The Artemis AdventureBy: Dorothy Rice Bennett
As Kiki lay on the warm rooftop and gazed skyward at the stars, she made up her mind. She was definitely leaving.
Her mama and papa were screaming at each other in the apartment two floors below. This ongoing marital battle erupted in semi-weekly yelling bouts, and Kiki needed to escape the uproar. She had learned that the best way to keep her own sense of balance was to come up the stairway to the roof, spread an old blanket, and lie down on her back. If she was lucky—and it was a clear night with minimal smog—she could see the moon and stars overhead.
Kiki was not an expert on astronomy. Although she didn’t know the official names for the star constellations, she loved looking up at the night sky. At first her favorite star had been the really big, bright one that she could always spot even when she found it in a slightly different place. After she had spent months just lying still and focusing on its bright light—while lost in her own teenage fantasy world—she noticed a smaller star just down and to the right of the big one. This one seemed to blink at times. The star would disappear and then come back. Kiki decided, with a touch of amusement, that maybe this star was communicating with her.
Someone from Kiki’s high school had read a book about mythology and told her of a Greek goddess named Artemis. An archer who wandered through the forest in search of adventures, accompanied by her faithful dog, Artemis was strong and independent—kind of an outsider who acted on her own. Although Kiki had never seen a real bow and arrow in the South Bronx, and a dog would be a luxury in her family, she liked the idea of Artemis’s free spirit and named her blinking star after the goddess.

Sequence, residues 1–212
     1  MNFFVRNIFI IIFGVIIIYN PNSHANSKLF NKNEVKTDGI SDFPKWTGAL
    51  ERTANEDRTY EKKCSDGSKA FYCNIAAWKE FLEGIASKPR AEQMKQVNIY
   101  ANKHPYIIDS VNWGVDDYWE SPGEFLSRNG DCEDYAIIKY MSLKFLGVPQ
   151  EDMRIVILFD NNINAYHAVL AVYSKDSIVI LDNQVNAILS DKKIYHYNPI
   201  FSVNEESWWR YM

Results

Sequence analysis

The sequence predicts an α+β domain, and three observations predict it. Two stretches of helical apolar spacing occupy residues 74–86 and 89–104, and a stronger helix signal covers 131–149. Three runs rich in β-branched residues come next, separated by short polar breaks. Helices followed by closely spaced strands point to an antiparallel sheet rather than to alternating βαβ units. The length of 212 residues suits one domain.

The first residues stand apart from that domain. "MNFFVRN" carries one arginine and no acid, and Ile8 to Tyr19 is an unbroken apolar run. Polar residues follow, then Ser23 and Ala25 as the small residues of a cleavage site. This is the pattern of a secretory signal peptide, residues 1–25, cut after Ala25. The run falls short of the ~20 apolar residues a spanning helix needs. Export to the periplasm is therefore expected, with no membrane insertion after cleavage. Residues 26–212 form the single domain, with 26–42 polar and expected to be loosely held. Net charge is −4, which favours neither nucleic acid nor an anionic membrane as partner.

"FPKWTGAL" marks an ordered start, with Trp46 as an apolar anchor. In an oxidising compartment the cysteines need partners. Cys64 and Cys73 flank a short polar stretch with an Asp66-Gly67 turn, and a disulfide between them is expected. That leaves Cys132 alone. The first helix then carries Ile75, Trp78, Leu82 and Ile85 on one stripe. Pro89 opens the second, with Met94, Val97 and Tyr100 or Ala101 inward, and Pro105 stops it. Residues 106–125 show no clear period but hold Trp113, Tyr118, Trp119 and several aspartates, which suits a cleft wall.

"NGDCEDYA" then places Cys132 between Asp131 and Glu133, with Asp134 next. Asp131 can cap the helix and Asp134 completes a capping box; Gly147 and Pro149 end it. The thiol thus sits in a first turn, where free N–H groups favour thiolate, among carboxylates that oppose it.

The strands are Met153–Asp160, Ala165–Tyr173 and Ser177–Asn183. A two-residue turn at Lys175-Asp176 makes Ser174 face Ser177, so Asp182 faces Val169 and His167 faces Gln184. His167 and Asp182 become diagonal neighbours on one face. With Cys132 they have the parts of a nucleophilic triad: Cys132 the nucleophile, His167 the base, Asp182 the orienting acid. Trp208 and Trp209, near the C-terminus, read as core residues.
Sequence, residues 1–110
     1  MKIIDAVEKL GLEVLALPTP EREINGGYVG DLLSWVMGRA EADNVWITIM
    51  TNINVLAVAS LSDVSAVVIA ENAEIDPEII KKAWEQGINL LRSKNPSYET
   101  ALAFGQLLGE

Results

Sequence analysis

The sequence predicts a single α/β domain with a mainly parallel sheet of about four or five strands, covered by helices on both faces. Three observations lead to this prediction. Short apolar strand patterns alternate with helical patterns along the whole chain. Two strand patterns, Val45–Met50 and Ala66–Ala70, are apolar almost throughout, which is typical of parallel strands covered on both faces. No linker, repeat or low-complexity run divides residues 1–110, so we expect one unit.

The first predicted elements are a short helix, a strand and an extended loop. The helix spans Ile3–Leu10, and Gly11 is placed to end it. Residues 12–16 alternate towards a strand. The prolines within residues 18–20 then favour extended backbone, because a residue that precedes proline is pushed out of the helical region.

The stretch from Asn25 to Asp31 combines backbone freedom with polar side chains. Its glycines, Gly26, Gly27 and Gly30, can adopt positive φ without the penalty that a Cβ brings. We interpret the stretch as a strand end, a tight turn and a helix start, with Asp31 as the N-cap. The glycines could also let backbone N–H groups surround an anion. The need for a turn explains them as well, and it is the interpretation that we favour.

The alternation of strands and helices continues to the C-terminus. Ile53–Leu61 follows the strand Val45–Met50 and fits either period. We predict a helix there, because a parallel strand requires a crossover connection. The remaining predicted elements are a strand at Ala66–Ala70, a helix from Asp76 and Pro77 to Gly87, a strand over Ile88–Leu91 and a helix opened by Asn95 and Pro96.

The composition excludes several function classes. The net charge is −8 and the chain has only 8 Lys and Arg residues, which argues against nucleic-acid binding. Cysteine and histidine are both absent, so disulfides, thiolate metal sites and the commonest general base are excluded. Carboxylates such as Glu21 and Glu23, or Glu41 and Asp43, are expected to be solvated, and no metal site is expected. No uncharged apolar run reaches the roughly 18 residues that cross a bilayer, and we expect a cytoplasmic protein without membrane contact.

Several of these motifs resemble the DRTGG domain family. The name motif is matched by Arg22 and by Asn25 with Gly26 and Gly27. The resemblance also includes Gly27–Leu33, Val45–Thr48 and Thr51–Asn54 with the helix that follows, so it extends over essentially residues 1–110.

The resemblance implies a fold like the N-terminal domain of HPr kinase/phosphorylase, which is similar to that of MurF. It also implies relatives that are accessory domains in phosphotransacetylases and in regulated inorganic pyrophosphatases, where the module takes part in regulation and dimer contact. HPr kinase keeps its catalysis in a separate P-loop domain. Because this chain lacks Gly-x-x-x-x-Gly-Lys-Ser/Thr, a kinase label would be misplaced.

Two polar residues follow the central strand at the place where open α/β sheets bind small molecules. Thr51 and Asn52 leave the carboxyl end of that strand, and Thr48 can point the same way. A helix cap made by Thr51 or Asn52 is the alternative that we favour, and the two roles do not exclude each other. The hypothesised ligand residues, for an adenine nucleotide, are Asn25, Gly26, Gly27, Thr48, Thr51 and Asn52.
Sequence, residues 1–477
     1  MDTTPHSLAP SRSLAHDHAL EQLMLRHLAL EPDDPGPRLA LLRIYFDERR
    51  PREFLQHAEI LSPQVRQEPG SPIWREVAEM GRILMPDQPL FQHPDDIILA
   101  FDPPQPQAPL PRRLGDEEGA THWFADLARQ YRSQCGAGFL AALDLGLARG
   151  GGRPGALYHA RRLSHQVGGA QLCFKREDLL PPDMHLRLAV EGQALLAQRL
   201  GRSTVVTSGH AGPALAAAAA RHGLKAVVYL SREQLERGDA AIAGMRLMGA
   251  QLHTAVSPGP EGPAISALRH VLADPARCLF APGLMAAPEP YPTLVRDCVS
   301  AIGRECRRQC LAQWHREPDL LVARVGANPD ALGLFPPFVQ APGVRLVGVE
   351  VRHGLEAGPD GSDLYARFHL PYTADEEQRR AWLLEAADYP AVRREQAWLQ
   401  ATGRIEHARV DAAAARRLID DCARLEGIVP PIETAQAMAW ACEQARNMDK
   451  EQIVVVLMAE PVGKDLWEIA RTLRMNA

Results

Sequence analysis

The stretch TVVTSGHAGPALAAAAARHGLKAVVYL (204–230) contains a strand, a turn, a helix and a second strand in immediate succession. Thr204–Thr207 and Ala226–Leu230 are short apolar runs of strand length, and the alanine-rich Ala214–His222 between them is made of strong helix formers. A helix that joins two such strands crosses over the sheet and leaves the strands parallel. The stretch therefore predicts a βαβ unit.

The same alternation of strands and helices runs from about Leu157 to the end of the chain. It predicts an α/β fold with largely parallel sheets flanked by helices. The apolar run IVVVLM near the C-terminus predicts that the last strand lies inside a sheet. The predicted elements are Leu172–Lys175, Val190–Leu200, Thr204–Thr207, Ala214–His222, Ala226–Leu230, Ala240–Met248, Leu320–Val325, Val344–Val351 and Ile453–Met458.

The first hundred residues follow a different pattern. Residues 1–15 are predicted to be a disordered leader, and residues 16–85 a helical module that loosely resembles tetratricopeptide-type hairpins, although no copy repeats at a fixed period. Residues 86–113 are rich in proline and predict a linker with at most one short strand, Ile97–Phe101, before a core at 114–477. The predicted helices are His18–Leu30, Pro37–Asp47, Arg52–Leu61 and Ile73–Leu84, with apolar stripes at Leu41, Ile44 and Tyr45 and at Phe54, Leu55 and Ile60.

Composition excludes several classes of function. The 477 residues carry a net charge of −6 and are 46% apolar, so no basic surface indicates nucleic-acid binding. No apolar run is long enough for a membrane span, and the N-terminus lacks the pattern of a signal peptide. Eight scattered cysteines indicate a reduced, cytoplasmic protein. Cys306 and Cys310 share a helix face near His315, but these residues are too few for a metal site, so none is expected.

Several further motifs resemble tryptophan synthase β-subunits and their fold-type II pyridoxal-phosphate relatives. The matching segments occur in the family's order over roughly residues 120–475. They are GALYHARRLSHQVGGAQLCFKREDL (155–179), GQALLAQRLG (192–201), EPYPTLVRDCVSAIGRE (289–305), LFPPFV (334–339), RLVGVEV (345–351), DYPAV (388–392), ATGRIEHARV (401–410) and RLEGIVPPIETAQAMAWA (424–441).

Kiki had slipped away to the rooftop during the past several months, weather permitting, to have some privacy to think about her life. The Rodriguez apartment was crowded and cluttered, with six people sharing it—her three brothers as well as Kiki and their parents. At the moment there were only five, because her oldest brother Raul was serving time in prison. Besides that, Javier was seldom home, since he hung out with his gang, and Kiki feared that he would eventually end up dead or in prison as well.
A product of the American melting pot, Kiki bore the name Patricia Loretta Cristina Rodriguez. She felt like a Heinz-57 mutt, with her mostly Polish mother and her Puerto Rican-Filipino father. She was third among the family’s four children. Only Gusto was younger. With difficult and often-absent older brothers and an alcoholic father, Kiki had been forced to take care of herself at an early age. Her gut feeling was that lack of money and a chaotic upbringing—not to mention being a female—would make adult life very challenging.
Just turned eighteen, Kiki was five feet, two inches tall with an athletic build. She had large brown eyes that sparkled, wavy dark hair that fell to her shoulders—when not pulled into a ponytail—and an olive complexion. She was pretty, with full lips and two dimples that showed when she smiled. Kiki felt self-conscious about her nose, which seemed, to her, a bit too pug for her face, and she had a slight scar over one eye—a scar she had acquired when she hadn’t ducked soon enough as two brothers sparred with each other during a family fight.
Kiki had just finished her junior year in high school. One more year, she thought to herself, and you can start college and get out of this depressing world.
Kiki heaved a deep sigh. Yeah, what a dream. What chance did she have to go to college, really? She had worked for an elderly Jewish baker until he had a stroke and his store was closed. Now she couldn’t find another job, and the little savings fund she had spirited away for school kept shrinking instead of growing. No matter how creative she was in hiding her stash, Javier was smarter. When he needed drug money, he turned her room upside down until he found cash or something else he could sell. Kiki would scream at him and pound his shoulders with her fists, but he would just shrug her off, take her money, and nothing would change.
It seemed to Kiki that Mama and Papa’s fights were becoming worse, and with the sweltering days of summer upon them, they would be at it almost every night. Kiki was sure there was nowhere in the world more hot and humid than a South Bronx apartment in August.